As part of the Southern Highlands Wine Time Festival, visitors to Centennial Vineyards had the opportunity to participate in guided walks through the vineyard. This was the first time such an event had been offered at Centennial and the walks were organized for three Saturdays in March.
Visitors met at the Cellar Door and walked across the restaurant courtyard into the Winery Block vineyard. Here they were shown mature Tempranillo vines, newly planted exotic clones of Pinot Noir, old Tempranillo vines grafted over to modern clones of Pinot Gris, and a number of different clones of mature Sauvignon Blanc. The tour leader described how and why grafting was done and what a specialised skill grafting is.
Walking between the rows, visitors learnt about netting prior to harvest, leaf plucking and canopy management.
There was also the opportunity to taste fruit straight off our Chardonnay vines, the source of our multi-award winning Woodside Winery Block Chardonnay. A strategically placed Esky revealed wine sourced from this vineyard and everyone got to taste the fruit on the vine, then the wine made from that fruit in a prior vintage.
Oscar and Emmy, our resident vineyard dogs joined the walk on at least one of the Saturdays and were under strict instructions not to eat the grapes!
The walks finished back at Cellar Door, where visitors had the opportunity to taste a selection of Centennial's wines.
Our winter lawn mowers are back in the vineyard! The sheep arrived at the farm a month ago and have been in the House Block vineyard. They have done a great job of eating down the grass and weeds. Here is a photo of us moving them to the Old Block vineyard on Friday.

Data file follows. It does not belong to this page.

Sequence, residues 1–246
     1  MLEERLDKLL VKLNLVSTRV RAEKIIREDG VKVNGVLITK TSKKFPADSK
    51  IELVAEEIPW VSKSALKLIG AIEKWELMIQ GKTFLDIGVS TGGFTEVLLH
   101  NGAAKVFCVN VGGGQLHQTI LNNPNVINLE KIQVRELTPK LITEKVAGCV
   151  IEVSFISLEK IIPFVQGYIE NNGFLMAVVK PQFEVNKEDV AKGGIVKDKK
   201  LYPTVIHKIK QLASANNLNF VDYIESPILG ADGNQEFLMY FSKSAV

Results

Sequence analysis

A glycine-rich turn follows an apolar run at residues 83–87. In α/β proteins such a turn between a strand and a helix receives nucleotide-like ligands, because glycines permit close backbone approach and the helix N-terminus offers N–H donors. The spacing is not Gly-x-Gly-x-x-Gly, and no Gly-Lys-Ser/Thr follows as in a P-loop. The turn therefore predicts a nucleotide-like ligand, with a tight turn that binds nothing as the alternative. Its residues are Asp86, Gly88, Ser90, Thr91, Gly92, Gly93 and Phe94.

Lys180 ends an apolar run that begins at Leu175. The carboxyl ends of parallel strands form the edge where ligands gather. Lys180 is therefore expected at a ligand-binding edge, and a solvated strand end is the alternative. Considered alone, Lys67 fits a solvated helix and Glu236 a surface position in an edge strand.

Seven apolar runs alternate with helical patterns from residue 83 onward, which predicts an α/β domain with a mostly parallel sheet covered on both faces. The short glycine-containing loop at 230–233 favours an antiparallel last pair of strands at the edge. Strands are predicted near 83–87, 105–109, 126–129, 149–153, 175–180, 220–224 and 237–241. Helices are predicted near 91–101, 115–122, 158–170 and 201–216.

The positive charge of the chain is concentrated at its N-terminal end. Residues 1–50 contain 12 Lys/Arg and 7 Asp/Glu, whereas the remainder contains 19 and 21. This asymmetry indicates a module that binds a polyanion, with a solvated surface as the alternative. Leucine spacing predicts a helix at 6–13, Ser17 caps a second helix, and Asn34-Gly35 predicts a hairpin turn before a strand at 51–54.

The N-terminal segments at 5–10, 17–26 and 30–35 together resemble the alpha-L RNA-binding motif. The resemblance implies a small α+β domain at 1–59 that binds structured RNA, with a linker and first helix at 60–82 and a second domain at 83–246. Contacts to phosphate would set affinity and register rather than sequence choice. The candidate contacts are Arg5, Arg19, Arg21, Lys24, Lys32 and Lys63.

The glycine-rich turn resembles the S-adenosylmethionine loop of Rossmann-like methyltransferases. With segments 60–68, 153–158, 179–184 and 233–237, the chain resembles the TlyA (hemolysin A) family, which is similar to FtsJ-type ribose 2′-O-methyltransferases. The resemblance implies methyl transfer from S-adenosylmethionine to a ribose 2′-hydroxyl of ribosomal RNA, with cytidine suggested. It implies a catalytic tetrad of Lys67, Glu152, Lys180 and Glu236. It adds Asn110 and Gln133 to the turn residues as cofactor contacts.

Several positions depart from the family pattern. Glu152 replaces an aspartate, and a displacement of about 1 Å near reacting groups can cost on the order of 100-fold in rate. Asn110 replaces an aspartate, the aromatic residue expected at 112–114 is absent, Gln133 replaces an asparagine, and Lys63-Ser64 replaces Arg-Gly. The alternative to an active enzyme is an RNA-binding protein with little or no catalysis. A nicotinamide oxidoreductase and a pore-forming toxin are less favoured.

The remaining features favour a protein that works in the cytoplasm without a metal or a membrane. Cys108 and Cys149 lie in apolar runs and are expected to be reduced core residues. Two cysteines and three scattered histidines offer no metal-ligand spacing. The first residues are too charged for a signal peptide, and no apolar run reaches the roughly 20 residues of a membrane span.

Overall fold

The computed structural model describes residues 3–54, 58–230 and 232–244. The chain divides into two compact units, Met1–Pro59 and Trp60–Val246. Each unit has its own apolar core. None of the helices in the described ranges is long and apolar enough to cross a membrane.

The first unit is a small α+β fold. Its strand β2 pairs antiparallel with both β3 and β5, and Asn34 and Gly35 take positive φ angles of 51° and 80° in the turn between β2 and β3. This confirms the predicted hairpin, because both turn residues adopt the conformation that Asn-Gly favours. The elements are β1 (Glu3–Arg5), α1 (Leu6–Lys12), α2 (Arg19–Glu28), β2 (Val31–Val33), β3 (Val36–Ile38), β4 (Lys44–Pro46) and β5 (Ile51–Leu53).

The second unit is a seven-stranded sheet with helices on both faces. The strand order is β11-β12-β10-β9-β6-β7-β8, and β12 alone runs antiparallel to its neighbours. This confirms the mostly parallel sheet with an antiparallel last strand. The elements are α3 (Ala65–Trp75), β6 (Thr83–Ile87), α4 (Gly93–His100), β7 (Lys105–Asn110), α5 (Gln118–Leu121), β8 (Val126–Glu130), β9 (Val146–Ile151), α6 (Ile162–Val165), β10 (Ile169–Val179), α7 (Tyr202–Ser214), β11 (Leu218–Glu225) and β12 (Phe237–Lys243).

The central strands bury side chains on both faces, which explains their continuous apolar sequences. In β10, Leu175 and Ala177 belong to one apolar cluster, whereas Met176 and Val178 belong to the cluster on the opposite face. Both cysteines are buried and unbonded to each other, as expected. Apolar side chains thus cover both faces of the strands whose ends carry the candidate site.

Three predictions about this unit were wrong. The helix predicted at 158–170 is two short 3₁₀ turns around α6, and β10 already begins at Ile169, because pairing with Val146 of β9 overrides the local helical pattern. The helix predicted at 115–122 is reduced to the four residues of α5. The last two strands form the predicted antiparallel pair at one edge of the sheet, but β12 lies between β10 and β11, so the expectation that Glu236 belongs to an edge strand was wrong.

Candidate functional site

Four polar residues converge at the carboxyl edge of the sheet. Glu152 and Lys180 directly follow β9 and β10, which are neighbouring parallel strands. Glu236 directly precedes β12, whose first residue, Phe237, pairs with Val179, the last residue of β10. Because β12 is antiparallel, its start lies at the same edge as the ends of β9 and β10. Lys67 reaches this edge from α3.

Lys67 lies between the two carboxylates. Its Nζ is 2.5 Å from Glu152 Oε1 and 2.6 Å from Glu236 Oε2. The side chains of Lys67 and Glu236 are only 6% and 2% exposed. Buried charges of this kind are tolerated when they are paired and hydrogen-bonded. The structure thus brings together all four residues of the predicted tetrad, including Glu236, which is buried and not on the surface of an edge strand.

After the vintages of 2011 (average) and 2012 (poor) we approached the start of the 2013 vintage with apprehension and a lot of hope. We survived it, although having to run the gauntlet of weather events, to find it was an excellent vintage. The winery is bursting with extremely good wine.
It started in September with a good budburst promising a moderate crop. Warm weather during spring resulted in good fruit set, but not before we got snow in October (rare but spectacular): thankfully it caused no damage to crop or vine. November, December and January were very warm to hot, and with below average rainfall, we were looking good with the crop about 2-3 weeks ahead of normal. Then came February and back to normal with rainy conditions until early March, threatening to undo all the progress we had achieved. We were worried, but by mid-March we saw the onset of autumn, the skies turned blue and ripening was near perfect. Remember that in the Southern Highlands we have one of the longest growing/ripening seasons for grapes in the whole of Australia, so anything that can happen with the weather usually does.
ll the wines requiring wood are happily resting in their French oak barrels, while the fresh young unwooded whites are getting ready for bottling in late July. These you will start seeing once they have rested and are ready for release.
Trophies for Centennial- Huon Hooke, SMH Good Food Tuesday March 19, 2013
"Southern Highlands winery Centennial Vineyards performed strongly at the Dan Murphy's 2013 Australian Highlands Wine Show. It won trophies for its 2011 Reserve Orange Shiraz Viognier (best Shiraz and best red wine) and 2010 Woodside Winery Block Chardonnay (best Chardonnay). Centennial's two 2011 pinot noirs - Woodside and Reserve Orange - won gold medals, while its three non-vintage sparkling wines won two bronzes and a silver (a very fine blanc de blancs)." Huon was a judge at the show.
Our Pinot Gris graftings (mentioned last quarter) have taken well, more news on this in next quarter's news.